Processes and Case Management - Approaches 1. T docs direction 2. first directions hearing 3. mediation 4. applicants facts and contentions 5. respondents facts and contentions 6. applicants reply 7. final directions hearing 8. hearing Mediation an opportunity to discuss the dispute confidentially before a mediator at the Tribunal. Everything said in the mediation or a document prepared for the mediation cannot be put into evidence in the hearing

(section 9 Mediation Act 1997) Obligation to participate genuinely and constructively - embrace the process authority to settle - do the attendees have authority to bind a party to an agreed outcome? different mediators have different styles 14 Processes and Case Management - Approaches 1. T docs direction 2. first directions hearing 3. mediation 4. applicants facts and contentions 5. respondents facts and contentions 6. applicants

reply 7. final directions hearing 8. hearing Facts and contentions Facts + contentions (Fs + Cs) - written documents that set out the facts and the arguments that a party relies upon to say why the decision should be overturned or confirmed Witness statements signed statement made by a witness when a party is relying on someone elses knowledge or opinion Reply when applicant addresses arguments that have been made in the respondents Fs + Cs that were not originally made in the applicants Fs + Cs 15 Processes and Case Management - Approaches

1. T docs direction 2. first directions hearing 3. mediation 4. applicants facts and contentions 5. respondents facts and contentions 6. applicants reply 7. final directions hearing 8. hearing Final directions hearing check that everything has been filed consider whether a party will file a list of authorities e.g. previous cases they will be relying upon in support of their arguments By this stage the parties cases should

be fully prepared and each party should know the case that he/she has to meet final preparation for hearing e.g. arrange view 16 Processes and Case Management - Approaches 1. T docs direction 2. first directions hearing 3. mediation 4. applicants facts and contentions 5. respondents facts and contentions 6. applicants reply 7. final directions hearing 8. hearing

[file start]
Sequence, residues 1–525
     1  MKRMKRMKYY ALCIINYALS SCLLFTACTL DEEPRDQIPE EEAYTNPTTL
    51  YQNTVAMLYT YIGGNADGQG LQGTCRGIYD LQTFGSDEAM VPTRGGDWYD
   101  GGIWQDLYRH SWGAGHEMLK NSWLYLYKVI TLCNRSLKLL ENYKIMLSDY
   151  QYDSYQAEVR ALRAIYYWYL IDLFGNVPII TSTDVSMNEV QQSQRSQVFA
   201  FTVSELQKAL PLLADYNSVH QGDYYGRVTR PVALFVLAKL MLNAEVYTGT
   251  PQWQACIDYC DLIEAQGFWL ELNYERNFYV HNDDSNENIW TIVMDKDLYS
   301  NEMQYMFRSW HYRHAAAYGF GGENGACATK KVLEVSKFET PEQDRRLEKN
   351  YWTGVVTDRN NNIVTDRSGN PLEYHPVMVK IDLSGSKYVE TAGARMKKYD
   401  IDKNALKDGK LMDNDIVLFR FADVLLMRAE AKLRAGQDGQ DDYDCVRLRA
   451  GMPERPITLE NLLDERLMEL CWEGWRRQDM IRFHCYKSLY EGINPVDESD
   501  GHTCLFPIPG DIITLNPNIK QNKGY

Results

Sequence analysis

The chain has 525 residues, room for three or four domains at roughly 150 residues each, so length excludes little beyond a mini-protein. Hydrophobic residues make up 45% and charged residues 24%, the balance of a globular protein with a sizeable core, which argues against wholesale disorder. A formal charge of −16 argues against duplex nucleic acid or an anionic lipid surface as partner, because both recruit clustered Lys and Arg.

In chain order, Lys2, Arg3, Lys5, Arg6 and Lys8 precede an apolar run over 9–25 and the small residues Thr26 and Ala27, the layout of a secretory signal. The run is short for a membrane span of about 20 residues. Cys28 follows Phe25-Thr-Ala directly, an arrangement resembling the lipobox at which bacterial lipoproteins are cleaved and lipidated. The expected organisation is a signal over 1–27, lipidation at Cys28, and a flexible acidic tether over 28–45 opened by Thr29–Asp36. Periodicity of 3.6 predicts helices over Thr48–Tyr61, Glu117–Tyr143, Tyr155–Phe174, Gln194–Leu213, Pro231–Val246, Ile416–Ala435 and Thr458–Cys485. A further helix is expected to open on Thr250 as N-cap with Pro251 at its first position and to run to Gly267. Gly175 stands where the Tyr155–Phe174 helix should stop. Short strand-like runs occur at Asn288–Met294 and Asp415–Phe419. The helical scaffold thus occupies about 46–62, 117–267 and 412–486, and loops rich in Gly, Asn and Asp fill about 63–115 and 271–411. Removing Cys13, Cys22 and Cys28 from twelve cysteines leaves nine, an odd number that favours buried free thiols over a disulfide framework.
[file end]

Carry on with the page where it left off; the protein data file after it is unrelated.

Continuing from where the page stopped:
Hearing Note: This is general outline there will be variations in the way that hearings are conducted by individual members View e.g. for planning cases Opening statements short statements by each party outlining his/her case Applicant's case evidence and witnesses Respondent's case - evidence and witnesses Party joineds case - goes with his/her team Final submissions 17 Decision If the decision is to be written, it will be reserved at the end of the hearing The decision may be delivered orally (ex tempore) e.g. if interlocutory or time constraints Proceedings are recorded and ex tempore decisions are therefore available on a transcript

Tribunal conducts merits review, therefore stands in the shoes of the decision maker to re-make the decision Tribunal may consider all evidence up to the time of the final hearing Interested in the merits of the decision rather than alleged errors made by the original decision maker distinguish judicial review which determines whether the decision was properly made this occurs in the Supreme Court 18 Costs General rule parties pay their own costs section 48 ACAT Act interpreted strictly CIC Australia Ltd v ACTPLA, Mainore Pty Ltd and ACAT [2013] ACTSC 96 But costs may be ordered where obstruction or unreasonable delay has occurred before or while the Tribunal is dealing with the application - section 48(2)(b) ACAT Act Or where an application under the Heritage, Planning and Development, Tree Protection Acts is found to be frivolous and vexatious section section 48(2)(d) ACAT Act

19 Appeals ACAT has its own internal appeals division Div 8.1 ACAT Act But section 79(2) ACAT Act appeal provisions do not apply to applications for review under the Heritage, Planning and Development or the Tree Protection Acts, so they must go to the Supreme Court Referrals and removals to the Supreme Court are also available under sections 83 and 84 of the ACAT Act 20